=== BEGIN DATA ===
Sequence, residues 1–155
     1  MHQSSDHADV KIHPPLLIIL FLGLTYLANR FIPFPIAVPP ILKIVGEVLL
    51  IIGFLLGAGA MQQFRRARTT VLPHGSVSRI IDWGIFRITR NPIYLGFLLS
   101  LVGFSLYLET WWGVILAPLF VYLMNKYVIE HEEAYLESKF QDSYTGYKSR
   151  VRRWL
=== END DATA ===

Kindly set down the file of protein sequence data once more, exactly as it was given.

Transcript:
Sequence, residues 1–155
     1  MHQSSDHADV KIHPPLLIIL FLGLTYLANR FIPFPIAVPP ILKIVGEVLL
    51  IIGFLLGAGA MQQFRRARTT VLPHGSVSRI IDWGIFRITR NPIYLGFLLS
   101  LVGFSLYLET WWGVILAPLF VYLMNKYVIE HEEAYLESKF QDSYTGYKSR
   151  VRRWL